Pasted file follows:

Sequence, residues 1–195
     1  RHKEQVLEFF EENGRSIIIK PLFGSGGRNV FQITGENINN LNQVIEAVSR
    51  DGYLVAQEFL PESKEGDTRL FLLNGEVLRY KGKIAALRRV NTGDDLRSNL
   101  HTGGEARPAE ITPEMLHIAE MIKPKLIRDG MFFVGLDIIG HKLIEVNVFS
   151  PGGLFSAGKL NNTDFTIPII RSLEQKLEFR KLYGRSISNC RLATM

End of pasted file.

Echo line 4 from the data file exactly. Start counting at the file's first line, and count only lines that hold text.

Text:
   101  HTGGEARPAE ITPEMLHIAE MIKPKLIRDG MFFVGLDIIG HKLIEVNVFS